Recent Books, Spring 2015by Mar. 25, 2015, 11:29 AM
Do Not Rise (2015, University of Pittsburgh Press) by Beth Bachmann, writer-in-residence in English
Do Not Rise is a book of poetry about post-traumatic stress, memory, failure to forget, and repetition as an act of remembering in a state of war. It also is an invocation to stand down, a dare to disobey, and a question of the terms of surrender.
Hand in Hand: Walking with the Psalms through Loneliness (2015, Bright Sky Press) by Elizabeth Head Black, BA’88
Somewhere along the road of life, at one time or another, we all feel lonely. Hand in Hand is a personal devotional resource written for any person who has lived long enough to move away from home, marry or divorce, be transferred in a job, send children to college, experience the death of a loved one, or outlive their peer group.
‘I Hear America Singing’: Folk Music and National Identity (2014, Temple University Press) by Rachel Donaldson, MA’06, PhD’11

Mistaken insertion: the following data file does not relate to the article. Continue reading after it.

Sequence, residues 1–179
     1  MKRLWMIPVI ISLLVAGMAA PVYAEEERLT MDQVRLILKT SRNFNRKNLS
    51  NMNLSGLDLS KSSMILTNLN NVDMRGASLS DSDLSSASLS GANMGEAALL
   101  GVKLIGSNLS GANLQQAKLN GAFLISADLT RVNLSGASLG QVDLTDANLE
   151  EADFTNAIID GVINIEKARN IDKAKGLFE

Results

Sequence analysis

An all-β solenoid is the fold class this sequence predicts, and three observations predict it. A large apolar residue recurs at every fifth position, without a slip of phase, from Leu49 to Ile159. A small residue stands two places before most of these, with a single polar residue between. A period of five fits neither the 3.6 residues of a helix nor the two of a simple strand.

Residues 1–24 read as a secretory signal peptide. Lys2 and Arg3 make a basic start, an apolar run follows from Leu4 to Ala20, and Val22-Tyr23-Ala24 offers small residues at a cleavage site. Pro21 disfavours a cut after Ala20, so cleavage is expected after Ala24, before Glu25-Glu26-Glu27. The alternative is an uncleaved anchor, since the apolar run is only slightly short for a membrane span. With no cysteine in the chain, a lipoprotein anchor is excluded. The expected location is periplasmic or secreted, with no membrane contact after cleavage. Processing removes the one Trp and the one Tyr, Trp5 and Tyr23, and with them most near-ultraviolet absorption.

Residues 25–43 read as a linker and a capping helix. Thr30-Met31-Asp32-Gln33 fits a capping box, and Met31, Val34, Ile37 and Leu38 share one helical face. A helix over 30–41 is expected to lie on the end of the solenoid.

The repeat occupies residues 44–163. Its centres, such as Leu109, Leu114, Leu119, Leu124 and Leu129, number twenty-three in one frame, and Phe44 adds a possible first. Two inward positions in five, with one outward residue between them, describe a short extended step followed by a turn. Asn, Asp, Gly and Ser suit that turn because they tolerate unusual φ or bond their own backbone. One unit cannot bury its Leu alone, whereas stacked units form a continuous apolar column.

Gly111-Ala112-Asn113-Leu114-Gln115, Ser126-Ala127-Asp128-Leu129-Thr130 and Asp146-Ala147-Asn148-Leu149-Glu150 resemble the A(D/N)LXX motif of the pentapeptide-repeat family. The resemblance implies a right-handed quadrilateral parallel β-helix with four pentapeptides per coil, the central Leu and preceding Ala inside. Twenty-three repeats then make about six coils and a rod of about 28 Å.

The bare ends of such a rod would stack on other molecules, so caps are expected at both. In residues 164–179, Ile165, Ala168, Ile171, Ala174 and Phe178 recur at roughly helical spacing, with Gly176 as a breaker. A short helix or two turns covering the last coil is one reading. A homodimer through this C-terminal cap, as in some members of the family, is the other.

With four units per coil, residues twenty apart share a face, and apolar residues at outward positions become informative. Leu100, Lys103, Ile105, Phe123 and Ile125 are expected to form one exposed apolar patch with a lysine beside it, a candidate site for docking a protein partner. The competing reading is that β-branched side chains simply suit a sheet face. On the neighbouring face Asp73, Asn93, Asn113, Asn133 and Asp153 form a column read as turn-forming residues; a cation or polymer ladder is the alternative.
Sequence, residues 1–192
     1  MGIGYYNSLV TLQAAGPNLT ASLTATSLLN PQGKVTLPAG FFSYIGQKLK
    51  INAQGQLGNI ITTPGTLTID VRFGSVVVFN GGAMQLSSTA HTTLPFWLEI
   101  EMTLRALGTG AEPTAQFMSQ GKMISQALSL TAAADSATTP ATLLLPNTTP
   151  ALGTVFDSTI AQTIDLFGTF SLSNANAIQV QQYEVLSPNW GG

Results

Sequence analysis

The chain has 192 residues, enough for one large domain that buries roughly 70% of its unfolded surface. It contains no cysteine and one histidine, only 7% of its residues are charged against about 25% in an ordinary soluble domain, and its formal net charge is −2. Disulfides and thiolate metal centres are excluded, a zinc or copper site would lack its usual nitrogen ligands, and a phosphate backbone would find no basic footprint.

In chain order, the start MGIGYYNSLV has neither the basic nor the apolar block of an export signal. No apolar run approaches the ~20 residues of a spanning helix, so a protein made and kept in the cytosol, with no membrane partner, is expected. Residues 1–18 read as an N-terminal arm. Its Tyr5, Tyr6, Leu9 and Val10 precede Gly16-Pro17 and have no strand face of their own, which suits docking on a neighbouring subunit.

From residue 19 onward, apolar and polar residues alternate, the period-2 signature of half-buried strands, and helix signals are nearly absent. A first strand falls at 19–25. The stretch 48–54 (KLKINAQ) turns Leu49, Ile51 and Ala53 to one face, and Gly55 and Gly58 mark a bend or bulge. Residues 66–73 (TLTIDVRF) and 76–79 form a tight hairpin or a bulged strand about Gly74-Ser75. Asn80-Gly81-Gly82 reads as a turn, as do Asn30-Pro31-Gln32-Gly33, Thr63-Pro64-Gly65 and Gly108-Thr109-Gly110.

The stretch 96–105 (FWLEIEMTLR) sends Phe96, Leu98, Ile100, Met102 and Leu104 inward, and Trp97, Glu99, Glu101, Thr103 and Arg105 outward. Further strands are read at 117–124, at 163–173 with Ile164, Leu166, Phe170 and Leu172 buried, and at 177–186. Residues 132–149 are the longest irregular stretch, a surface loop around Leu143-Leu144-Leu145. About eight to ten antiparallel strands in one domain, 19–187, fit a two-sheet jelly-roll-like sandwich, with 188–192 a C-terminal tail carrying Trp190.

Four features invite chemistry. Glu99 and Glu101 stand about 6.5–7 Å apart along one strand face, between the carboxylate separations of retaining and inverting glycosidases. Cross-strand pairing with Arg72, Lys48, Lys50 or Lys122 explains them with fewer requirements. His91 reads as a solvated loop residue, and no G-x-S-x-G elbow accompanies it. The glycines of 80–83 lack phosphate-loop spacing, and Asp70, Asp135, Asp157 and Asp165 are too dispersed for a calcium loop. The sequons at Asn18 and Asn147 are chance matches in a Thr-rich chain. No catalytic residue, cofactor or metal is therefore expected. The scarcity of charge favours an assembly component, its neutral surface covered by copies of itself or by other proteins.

Donaldson traces the vibrant history of the folk music revival from its origins in the 1930s through its end in the late 1960s. She investigates the relationship between the revival and concepts of nationalism, showing how key figures in the revival—including Pete Seeger and Alan Lomax—used songs to influence the ways in which Americans understood the values, culture and people of their own nation.
Rethinking Difference in Music Scholarship (2015, Cambridge University Press) edited by Melanie Lowe, associate professor of musicology, Olivia Bloechl and Jeffrey Kallberg
Two decades after the publication of several landmark scholarly collections on music and difference, musicology has largely accepted difference-based scholarship. This collection of essays by distinguished contributors is a major contribution to this field, covering the key issues and offering an array of individual case studies and methodologies.
Soul Food Love: Healthy Recipes Inspired by One Hundred Years of Cooking in a Black Family (2015, Clarkson Potter) by Alice Randall, writer-in-residence in African American and Diaspora Studies, and Caroline Randall Williams
In 2012 best-selling author Randall penned an op-ed in The New York Times chronicling her quest to be “the last fat black woman” in her family. She turned to her daughter, Caroline, for help. Together they overhauled the way they cook and eat, translating recipes and traditions handed down by generations into easy, affordable, and healthful—yet still indulgent—dishes.